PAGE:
Now that I have a sub that will load my mesh, I simply include it in my Form_Load after the InitD3D Call. Now, in order to render our mesh, we need to replace that commented line from above 'Render stuff here... in the Timer1_Tick event with some code to actually render.
  1. With moMesh
  2.     For X = 0 to mlMeshMaterials - 1
  3.         moDevice.Material = moMaterials(X)
  4.         moDevice.SetTexture(0, moTextures(X))
  5.         moMesh.DrawSubset(X)
  6.     Next X
  7. End With

I wouldn't run the code just yet, as we are missing a pretty important step... where we are viewing from. So, let's set up some simple camera functionality. Usually, you would want to set this up in a class or some other encapsulated piece of code, but for simplicity sake, I am just brute forcing it.
When you open the project, you will see at the top of frmMain.vb there are a lot of variables regarding the camera controls there. I didn't want to put them here in order to save space and time.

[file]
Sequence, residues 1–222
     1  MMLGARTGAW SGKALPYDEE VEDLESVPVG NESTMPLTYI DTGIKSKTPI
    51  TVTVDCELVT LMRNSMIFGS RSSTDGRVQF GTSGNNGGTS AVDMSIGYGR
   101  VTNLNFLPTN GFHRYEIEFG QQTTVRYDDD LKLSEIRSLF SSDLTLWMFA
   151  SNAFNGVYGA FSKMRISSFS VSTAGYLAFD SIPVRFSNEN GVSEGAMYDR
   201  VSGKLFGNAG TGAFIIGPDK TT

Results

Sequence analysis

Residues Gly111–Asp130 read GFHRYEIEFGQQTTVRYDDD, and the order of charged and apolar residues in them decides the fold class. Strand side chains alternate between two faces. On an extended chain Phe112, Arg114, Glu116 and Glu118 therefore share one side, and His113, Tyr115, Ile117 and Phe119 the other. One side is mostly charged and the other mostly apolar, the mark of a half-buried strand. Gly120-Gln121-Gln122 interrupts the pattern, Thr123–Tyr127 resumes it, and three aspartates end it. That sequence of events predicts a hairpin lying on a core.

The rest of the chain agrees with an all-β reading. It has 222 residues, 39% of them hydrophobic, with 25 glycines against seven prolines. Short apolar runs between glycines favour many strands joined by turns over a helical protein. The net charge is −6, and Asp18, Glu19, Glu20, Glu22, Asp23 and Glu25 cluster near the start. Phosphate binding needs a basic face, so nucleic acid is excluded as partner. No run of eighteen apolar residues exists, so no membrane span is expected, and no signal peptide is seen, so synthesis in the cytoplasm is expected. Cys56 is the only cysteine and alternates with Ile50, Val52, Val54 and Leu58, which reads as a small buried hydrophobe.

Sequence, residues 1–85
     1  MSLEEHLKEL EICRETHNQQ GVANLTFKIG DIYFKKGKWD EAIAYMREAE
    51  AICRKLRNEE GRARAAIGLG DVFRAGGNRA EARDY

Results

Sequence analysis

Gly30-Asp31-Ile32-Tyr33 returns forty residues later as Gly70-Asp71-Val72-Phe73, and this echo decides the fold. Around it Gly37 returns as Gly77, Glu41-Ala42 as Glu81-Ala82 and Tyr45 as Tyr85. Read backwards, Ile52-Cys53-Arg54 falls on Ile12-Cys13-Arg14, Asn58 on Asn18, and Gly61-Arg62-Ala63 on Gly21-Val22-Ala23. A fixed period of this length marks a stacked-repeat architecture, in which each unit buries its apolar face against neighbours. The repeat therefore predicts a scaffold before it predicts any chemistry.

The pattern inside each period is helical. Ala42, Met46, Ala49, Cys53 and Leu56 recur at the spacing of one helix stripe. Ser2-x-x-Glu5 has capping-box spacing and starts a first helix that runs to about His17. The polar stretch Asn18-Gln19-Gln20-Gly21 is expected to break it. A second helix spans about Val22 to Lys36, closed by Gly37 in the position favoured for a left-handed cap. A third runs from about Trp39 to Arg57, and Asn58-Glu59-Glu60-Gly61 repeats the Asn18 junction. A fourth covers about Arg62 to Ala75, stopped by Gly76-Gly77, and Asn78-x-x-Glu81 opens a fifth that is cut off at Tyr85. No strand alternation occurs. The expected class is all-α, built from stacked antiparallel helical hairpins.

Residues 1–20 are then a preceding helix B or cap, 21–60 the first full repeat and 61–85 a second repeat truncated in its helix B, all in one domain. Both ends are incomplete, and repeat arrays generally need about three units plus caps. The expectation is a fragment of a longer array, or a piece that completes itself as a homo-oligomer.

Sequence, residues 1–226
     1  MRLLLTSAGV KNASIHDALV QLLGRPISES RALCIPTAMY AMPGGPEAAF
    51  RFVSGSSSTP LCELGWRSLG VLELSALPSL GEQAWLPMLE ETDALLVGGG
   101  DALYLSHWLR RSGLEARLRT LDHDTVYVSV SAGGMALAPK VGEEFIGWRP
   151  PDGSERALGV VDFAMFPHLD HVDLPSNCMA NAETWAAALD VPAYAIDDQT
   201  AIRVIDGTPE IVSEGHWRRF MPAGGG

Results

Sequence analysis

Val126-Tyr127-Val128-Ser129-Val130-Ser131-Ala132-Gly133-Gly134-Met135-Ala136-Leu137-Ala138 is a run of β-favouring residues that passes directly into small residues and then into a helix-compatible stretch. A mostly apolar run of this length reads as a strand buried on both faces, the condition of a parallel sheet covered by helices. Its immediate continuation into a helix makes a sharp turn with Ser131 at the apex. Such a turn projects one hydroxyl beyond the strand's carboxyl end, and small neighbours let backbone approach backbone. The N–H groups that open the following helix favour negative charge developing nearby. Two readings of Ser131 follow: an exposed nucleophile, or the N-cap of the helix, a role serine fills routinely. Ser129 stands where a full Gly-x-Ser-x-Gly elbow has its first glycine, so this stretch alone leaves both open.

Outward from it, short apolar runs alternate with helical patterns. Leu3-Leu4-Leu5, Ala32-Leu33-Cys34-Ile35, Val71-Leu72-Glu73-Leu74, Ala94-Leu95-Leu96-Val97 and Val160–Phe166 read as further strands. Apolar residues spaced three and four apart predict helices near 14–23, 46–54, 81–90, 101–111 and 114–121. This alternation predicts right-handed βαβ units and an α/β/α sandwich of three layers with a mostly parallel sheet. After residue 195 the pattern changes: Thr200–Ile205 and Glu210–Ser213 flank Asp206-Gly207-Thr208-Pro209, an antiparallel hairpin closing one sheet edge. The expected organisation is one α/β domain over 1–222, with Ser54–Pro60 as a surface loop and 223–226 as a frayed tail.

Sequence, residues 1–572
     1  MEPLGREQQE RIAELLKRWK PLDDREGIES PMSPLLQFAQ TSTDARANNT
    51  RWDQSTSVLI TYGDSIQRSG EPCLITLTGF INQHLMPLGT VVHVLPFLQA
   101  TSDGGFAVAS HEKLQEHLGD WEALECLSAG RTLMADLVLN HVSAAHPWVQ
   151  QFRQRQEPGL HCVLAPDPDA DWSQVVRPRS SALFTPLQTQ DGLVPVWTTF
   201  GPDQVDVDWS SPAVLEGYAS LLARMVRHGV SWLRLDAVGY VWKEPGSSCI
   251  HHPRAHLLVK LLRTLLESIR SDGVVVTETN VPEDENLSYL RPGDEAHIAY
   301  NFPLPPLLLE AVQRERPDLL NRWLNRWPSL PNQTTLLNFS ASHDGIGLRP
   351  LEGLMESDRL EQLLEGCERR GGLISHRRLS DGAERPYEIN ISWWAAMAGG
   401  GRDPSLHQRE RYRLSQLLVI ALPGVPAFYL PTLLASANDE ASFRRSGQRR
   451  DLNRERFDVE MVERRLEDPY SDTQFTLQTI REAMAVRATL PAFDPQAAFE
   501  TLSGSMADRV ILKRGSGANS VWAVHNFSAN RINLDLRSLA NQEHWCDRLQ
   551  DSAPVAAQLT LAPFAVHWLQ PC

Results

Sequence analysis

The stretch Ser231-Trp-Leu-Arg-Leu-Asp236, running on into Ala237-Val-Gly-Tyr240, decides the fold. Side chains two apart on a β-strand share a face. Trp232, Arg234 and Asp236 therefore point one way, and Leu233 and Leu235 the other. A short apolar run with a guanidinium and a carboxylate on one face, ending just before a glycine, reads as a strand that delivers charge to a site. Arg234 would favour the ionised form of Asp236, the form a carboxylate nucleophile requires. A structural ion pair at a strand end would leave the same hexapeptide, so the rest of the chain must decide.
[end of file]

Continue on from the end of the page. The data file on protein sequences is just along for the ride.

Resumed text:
Now, I am using .NET 2002. In this version, Microsoft did not expose the MouseWheel directly to us programmers, but since I know it is there, I simply added the following code to the frmMain form.
  1. Protected Overrides Sub OnMouseWheel(ByVal e As System.Windows.Forms.MouseEventArgs)
  2.    If e.Delta < 0 Then
  3.       'Mousewheel down
  4.       mlCameraY += 50
  5.    Else
  6.       'Mousewheel Up
  7.       mlCameraY -= 50
  8.    End If

Anyway, the rest of the mouse functions are present in the code and I would strongly urge you to read through them.
I hope this tutorial has given you a quick overview of rendering a mesh in VB.NET. Realize that some parts of the code were intentionally left out for sake of keeping the article small. I STRONGLY urge you to read through the code!


Tutorial Console

Tutorial by:

Matt Campbell

Date: 2005 Dec 13


Latest comment

by: Ricardo Amaral

Big fat THANK YOU!

I'm less than newbee and this is just what I was looking for!